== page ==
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Recently, my road bike's chain got cut, so i took it for replacement. A new chain was inserted and the shifting had a good transition. However, when i shift on the harder gears, i hear "crack crack noises" as if the chain is not well fit. I returned it to the repairman who still said he now fixed the problem but i still have the same issues. It seems he only tested the bike while suspended but not on actual ground. Is this because the new chain was too long ?

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  • To answer your specific question, the chain length can be calculated, and whether or not the bike is in a stand should make no difference. It would be helpful here if you knew what the repairman had tweaked in order for him to say he'd fixed the problem
    – PeteH
    Nov 6 '14 at 16:04
  • @PeteH Length may be the same on the stand or not. But force is factor on chain jump on a worn cog.
    – paparazzo
    Nov 6 '14 at 16:14
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    As @Blam points out, your cassette is most likely worn. The venerable Sheldon Brown has a wonderful article about how chains and rear cogs wear together and then everything goes to pot when you replace the chain.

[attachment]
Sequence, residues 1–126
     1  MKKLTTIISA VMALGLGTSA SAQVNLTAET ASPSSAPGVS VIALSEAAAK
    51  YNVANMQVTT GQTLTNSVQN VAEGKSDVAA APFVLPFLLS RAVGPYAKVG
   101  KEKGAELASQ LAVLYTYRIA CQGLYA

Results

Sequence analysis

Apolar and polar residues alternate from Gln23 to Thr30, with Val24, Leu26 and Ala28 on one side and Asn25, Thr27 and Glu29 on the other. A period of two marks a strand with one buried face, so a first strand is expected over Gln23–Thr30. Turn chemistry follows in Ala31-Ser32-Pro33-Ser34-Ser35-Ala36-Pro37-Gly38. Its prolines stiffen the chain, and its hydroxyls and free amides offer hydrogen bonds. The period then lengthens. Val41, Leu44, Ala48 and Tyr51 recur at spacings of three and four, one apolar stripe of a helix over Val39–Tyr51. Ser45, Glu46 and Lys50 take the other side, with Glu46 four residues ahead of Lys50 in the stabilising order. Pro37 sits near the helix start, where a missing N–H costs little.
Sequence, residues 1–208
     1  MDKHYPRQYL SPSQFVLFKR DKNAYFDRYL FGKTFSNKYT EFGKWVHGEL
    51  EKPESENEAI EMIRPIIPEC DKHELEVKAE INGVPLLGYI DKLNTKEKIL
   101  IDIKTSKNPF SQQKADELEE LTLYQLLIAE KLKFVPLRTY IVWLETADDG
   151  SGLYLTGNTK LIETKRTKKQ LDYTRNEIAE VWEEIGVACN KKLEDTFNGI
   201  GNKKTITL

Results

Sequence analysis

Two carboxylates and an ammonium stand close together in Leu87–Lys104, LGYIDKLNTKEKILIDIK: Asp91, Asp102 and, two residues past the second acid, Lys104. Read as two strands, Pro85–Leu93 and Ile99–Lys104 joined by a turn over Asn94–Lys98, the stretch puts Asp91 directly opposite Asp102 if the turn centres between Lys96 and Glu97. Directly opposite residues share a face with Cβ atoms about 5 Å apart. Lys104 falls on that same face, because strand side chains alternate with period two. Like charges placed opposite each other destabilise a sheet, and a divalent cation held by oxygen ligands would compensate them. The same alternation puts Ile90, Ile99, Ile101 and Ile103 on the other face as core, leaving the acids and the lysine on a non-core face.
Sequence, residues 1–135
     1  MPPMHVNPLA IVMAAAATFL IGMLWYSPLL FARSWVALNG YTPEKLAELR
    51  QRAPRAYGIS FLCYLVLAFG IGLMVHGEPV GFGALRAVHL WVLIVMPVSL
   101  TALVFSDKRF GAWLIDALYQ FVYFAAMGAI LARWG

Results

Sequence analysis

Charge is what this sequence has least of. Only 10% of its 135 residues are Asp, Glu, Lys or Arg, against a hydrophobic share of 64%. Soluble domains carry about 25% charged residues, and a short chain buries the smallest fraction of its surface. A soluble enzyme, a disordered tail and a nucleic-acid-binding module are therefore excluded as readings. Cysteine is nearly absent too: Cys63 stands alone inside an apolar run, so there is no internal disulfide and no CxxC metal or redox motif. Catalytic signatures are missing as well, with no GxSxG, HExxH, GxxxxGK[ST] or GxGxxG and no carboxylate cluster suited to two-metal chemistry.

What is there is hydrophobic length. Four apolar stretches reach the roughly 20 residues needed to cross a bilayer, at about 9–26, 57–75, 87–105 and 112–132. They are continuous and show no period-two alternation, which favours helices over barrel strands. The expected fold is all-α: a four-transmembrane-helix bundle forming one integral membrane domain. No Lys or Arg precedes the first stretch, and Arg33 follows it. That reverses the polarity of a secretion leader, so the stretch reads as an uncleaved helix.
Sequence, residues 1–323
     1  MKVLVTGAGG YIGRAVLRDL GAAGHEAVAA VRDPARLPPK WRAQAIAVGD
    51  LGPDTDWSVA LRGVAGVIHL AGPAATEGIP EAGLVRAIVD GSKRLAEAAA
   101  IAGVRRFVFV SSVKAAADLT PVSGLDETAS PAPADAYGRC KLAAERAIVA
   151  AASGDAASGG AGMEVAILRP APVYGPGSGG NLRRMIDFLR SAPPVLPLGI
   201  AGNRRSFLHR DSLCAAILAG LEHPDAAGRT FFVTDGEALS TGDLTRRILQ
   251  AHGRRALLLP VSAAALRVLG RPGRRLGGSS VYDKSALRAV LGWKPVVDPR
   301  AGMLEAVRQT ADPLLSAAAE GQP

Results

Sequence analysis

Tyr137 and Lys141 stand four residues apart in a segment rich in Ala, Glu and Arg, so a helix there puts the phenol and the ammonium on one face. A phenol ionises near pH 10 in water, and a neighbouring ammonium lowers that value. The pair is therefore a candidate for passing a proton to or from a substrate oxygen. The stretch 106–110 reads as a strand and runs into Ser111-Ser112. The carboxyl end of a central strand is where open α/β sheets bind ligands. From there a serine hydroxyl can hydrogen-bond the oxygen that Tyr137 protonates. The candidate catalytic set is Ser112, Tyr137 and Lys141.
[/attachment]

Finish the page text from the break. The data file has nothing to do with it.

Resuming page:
– jimchristie
    Nov 6 '14 at 22:44
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You probably need a new cassette/freewheel. A new chain on a worn cassette will jump (especially on the harder gears).

The harder gears have two things going against them. Less points of contact to share the load. Less points of contact so they tend to be worn the most.

If you have front derailleur then using the bigger ring there will let you use bigger cogs in the rear. If I can be in 3 or higher in the rear on the big ring up front then I use the big ring up front to keep miles off the smaller cogs in back.

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  • Can replacement be avoided by adjusting the bike shift to only 1 speed ? I am not financially sound now. Nov 6 '14 at 15:45
  • On the cassette/freewheel different cogs will be worn to different extents. If you stay on the less worn you will get less (or no) skipping. And once the new chain stretches it might start working on the harder gears. Save up and next time get a chain and cassette.
    – paparazzo
    Nov 6 '14 at 15:53
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    If you keep riding, the new chain will rapidly wear down to match the wear on the cassette/freewheel.
    – Batman
    Nov 6 '14 at 19:33

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